But while the unrolling disaster is nothing if not predictable, that hardly excuses the British media from reporting it. A more than usually instable Afghanistan in an instable region is bad news for Britain, not least because – if the instability spreads – we could end up being pressured to accept hundreds of thousands more immigrants. At worst, we could be confronting a nuclear war in the region.

Here, there is a worrying, but rarely acknowledged dynamic at play, centred around the role of India in Afghanistan. Following up a rare reference in October 2009, I wrote of the Indian Elephant, pointing out that India stood accused of using the Afghan conflict to destabilise its old enemy, Pakistan - part of a wider regional effort that included supporting the independence movement in Baluchistan, and even paying the Taleban to mount attacks on installations in Pakistan.

We had then seen Pak's Interior Minister Rehman Malik directly accuse India of funding the Taleban – something hotly denied by the Indian government.

No doubt it was inconvenient for the British government to have such allegations widely aired in the domestic media – where India was effectively assisting Britain's enemy - and I do not recall reading any follow-up in the British press, right up to the present.

Yesterday, though, we saw a lengthy US policy analysis telling us that: "India Is Scrambling to Get on the Taliban's Good Side". In this piece, it has former Indian ambassador to Afghanistan, Amar Sinha, saying he had argued in favour of talks with the Taliban in September last year. "Once the two sides, that is the Afghan government and the Taliban, sat together, then of course we should have reached out to them", he now says.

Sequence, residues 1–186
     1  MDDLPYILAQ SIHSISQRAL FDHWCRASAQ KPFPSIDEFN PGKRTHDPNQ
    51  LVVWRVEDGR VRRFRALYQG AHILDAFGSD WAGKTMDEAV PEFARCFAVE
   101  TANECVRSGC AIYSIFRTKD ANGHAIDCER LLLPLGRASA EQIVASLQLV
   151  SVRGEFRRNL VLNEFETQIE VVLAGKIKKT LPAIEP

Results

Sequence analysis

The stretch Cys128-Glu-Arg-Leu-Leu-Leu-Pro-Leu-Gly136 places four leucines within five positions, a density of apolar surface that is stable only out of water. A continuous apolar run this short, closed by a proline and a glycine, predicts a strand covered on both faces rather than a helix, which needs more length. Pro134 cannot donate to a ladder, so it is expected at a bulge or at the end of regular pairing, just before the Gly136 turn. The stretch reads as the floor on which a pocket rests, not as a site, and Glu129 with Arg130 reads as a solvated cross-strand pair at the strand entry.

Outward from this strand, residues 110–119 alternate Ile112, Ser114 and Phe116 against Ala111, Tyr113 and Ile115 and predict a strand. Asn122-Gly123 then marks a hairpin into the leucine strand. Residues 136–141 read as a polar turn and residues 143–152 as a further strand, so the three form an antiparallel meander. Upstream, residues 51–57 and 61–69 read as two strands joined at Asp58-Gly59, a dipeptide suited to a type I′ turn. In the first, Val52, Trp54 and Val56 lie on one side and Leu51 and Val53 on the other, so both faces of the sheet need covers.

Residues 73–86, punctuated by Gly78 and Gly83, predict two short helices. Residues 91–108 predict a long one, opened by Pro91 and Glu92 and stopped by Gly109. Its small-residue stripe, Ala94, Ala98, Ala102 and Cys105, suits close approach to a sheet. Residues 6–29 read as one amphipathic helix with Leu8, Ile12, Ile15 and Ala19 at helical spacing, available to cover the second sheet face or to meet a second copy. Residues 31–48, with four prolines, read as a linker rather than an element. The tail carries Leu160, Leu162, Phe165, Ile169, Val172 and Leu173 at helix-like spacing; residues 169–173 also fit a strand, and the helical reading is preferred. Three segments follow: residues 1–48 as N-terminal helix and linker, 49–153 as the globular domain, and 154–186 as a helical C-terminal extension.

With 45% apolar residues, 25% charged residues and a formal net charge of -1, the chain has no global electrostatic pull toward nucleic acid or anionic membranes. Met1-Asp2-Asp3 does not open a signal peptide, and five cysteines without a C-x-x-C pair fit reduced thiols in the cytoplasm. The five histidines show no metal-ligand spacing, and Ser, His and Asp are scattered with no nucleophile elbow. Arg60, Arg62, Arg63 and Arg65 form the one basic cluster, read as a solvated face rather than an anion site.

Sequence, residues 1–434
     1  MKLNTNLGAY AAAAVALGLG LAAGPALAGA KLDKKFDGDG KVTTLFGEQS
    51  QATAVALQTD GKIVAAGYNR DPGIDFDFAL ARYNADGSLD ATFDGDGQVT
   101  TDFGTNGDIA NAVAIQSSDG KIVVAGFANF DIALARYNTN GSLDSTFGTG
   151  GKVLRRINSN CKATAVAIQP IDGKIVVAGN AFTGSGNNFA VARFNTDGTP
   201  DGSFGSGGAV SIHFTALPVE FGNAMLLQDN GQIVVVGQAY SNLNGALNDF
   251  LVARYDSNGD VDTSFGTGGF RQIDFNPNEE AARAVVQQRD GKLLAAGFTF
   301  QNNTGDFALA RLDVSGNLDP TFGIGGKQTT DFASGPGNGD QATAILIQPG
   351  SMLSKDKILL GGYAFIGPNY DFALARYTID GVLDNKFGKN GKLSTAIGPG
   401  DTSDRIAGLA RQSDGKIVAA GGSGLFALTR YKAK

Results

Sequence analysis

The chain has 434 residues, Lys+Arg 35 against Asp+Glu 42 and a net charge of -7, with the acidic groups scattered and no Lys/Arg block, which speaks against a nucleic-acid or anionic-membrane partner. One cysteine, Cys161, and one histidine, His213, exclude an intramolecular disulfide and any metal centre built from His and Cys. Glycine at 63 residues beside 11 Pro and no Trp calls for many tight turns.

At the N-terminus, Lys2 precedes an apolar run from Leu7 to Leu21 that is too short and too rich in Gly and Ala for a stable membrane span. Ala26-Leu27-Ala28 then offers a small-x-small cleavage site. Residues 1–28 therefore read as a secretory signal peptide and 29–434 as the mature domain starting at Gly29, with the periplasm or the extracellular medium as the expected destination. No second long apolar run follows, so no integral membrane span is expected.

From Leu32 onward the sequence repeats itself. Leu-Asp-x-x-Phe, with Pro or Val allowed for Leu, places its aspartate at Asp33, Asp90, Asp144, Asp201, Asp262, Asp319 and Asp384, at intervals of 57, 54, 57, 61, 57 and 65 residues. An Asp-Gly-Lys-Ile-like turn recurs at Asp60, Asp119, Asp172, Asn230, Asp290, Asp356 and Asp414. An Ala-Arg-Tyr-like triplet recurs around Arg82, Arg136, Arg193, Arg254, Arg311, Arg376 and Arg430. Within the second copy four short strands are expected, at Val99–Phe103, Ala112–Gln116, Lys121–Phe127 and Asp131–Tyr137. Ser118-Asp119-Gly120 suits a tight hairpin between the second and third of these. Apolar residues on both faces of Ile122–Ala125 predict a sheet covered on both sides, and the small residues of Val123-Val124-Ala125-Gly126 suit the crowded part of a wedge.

This, though, is written by a policy analyst specialising in the Middle East, based in Beirut, who asserts that, to date, India has stuck to its principled opposition to the Taleban and stood by the Afghan government.

One wonders if there is anyone, anywhere, who is prepared to reveal what is really going on, especially as the Washington Post retails stories of backdoor contacts between Indian officials and the Taleban.

WaPo actually thinks this could be a good thing, but it only reports contacts going back to 2013, when India issued a visa to the senior Taliban leader, Abdul Salam Zaeef, for a conference. Zaeef was the Taliban’s ambassador to Pakistan, but after 9/11 the Pakistani government arrested him and handed him over to the United States.

Later, his book, “My Life with the Taliban", was published in India in 2010. His name was also removed from the UN terrorism list; at some point after that he turned up in India. A big question remained, says WaPo: "Why did he agree to visit India and why did India let him in?"

There thus appears to be far more to current events than appear on the surface, and once must always bear in mind the very real and active enmity between India and Pakistan, where the two nuclear powers are confronting each other across their borders, which is manned by tens of thousands of armed troops.

It would not be wise, therefore, to assume that the Indian government would refrain from exploiting the situation in Afghanistan to further undermine Pakistan – all in the context of Pakistan being far more fragile than is generally assumed.

Here, the Times's stringer, Haroon Janjua, does have something to offer. Writing for Deutsche Welle, he warns us that the Taleban advances have given impetus to the Pakistani Taleban, called the Tehreek-e-Taliban Pakistan (TTP), which operate in the country's northwestern region.

This was precisely the organisation that, back in 2009, India was accused of funding, creating another layer of uncertainty which has had Pakistan since 2015 fencing the Afghanistan-Pakistan border (pictured), in an attempt to stop Afghan infiltration.

But, if the outcome of the current instability is a prolonged civil war in Afghanistan, not even a fence will insulate Pakistan from the fallout and, as long experience tells us, it will not be long before the effects are felt globally. For all that, it seems we can be assured that the British media will diligently avoid expending its resources on anything so grown-up as covering this developing situation.

Also published on Turbulent Times.